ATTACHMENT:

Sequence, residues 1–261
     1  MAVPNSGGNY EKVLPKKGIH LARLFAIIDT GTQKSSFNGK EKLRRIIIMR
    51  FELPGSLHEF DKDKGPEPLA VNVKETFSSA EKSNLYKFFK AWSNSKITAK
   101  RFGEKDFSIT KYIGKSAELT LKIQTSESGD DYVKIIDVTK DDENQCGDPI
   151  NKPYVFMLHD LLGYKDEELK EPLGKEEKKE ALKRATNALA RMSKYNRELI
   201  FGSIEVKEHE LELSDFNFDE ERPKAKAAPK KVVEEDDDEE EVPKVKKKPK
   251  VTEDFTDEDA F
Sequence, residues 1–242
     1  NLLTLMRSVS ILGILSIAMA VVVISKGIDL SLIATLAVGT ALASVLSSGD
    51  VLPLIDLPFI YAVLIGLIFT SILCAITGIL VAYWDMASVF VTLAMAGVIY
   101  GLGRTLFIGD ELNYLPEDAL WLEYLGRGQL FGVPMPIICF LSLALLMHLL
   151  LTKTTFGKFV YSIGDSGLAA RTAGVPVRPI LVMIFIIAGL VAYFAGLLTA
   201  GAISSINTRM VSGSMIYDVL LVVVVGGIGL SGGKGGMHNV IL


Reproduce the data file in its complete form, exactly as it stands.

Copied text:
Sequence, residues 1–261
     1  MAVPNSGGNY EKVLPKKGIH LARLFAIIDT GTQKSSFNGK EKLRRIIIMR
    51  FELPGSLHEF DKDKGPEPLA VNVKETFSSA EKSNLYKFFK AWSNSKITAK
   101  RFGEKDFSIT KYIGKSAELT LKIQTSESGD DYVKIIDVTK DDENQCGDPI
   151  NKPYVFMLHD LLGYKDEELK EPLGKEEKKE ALKRATNALA RMSKYNRELI
   201  FGSIEVKEHE LELSDFNFDE ERPKAKAAPK KVVEEDDDEE EVPKVKKKPK
   251  VTEDFTDEDA F
Sequence, residues 1–242
     1  NLLTLMRSVS ILGILSIAMA VVVISKGIDL SLIATLAVGT ALASVLSSGD
    51  VLPLIDLPFI YAVLIGLIFT SILCAITGIL VAYWDMASVF VTLAMAGVIY
   101  GLGRTLFIGD ELNYLPEDAL WLEYLGRGQL FGVPMPIICF LSLALLMHLL
   151  LTKTTFGKFV YSIGDSGLAA RTAGVPVRPI LVMIFIIAGL VAYFAGLLTA
   201  GAISSINTRM VSGSMIYDVL LVVVVGGIGL SGGKGGMHNV IL